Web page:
Open Wetlands (wet prairie and sedge meadow
Plant diverse seed mixes of species that can tolerate a broad range of moisture regimes (including inundation and drought) and soil types.
Seed species broadly across edaphic gradients to allow plants to occupy spaces according to moisture and nutrient tolerances.
Implement passive hydrological control by designing small check dams/ditch plugs to retain water on site.
Design perimeter berms to withstand extreme storm events and retain water on site.
Examine adjacent off-site water levels and flow patterns during extreme rain events to determine if there is potential for invasion by invasive species (e.g. Typha, etc.).


In 2020, Year 1 of the monitoring period, groundwater hydrology was monitored at 17 wells across the Site. A total of 183 native plant species and 58 non-native species, were recorded within the Site. In addition, 75 species of birds, and six herpetiles, were observed.

Overall, project participants identified several monitoring items that could help inform future management, including:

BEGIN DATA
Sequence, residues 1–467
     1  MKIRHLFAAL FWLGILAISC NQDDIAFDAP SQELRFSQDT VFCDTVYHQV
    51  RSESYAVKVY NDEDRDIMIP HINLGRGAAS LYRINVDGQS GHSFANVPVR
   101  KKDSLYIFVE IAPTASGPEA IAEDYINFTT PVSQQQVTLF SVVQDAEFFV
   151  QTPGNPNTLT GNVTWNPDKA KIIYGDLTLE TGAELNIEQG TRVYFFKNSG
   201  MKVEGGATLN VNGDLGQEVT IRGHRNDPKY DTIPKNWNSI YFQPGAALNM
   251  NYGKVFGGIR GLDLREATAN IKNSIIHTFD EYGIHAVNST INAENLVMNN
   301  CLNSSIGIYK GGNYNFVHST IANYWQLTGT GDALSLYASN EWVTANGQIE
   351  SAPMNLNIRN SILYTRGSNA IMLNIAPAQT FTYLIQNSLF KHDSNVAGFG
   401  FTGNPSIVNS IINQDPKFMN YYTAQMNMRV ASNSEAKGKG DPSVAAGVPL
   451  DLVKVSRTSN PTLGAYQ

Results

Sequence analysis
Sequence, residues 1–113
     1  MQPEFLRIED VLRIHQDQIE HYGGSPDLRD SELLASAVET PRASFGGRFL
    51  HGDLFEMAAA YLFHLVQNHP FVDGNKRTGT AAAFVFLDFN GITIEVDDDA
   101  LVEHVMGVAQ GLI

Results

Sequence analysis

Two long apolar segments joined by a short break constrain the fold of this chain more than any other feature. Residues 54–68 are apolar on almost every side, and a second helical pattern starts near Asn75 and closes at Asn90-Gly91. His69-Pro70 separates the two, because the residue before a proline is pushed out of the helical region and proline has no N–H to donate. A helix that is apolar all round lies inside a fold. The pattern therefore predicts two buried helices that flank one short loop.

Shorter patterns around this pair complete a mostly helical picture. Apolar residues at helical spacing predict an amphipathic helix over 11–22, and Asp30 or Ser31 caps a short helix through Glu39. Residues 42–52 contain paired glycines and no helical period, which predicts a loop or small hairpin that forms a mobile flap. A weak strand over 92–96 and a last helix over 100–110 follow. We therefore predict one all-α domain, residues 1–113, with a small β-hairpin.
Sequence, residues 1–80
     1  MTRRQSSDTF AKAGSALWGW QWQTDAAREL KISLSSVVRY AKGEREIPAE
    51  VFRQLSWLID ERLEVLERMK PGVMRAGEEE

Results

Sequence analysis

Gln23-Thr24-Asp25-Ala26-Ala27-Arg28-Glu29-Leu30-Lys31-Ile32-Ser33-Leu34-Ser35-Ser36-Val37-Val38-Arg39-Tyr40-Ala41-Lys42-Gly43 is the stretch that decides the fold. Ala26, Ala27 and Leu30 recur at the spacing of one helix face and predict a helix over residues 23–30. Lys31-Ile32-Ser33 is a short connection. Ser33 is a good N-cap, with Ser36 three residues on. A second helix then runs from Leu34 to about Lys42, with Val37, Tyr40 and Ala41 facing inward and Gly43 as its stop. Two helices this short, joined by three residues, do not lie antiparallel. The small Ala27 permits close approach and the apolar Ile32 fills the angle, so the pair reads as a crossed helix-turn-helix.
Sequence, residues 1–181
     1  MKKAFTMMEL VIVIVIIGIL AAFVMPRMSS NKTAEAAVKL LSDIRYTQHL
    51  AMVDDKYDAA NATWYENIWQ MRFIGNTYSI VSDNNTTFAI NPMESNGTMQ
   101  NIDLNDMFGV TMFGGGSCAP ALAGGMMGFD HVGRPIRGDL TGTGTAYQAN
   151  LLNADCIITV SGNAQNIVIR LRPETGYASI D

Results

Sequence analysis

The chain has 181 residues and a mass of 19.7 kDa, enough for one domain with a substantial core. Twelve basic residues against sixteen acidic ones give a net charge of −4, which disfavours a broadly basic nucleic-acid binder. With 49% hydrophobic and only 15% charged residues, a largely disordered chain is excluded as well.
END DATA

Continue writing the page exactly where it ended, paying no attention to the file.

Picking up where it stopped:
Invasive species: Annual meander surveys and quadrat surveys (species and percent cover, if >20% cover implement control measures)
Acres of wetland: Following 5 year delineation (total acreage of wetland onsite will be delineated, and compared to baseline delineated acreage, prior to construction--2018)
Prescribed burn implementation: Post burn inspection - acres burned, percent black, percent cover of native vs. invasive/wood plants, grassland birds
Shallow groundwater hydrology: monitoring wells across Site wetlands will record water table data for the first 3—5 years following construction

Project Documents


Savanna/ open woodland
Water resources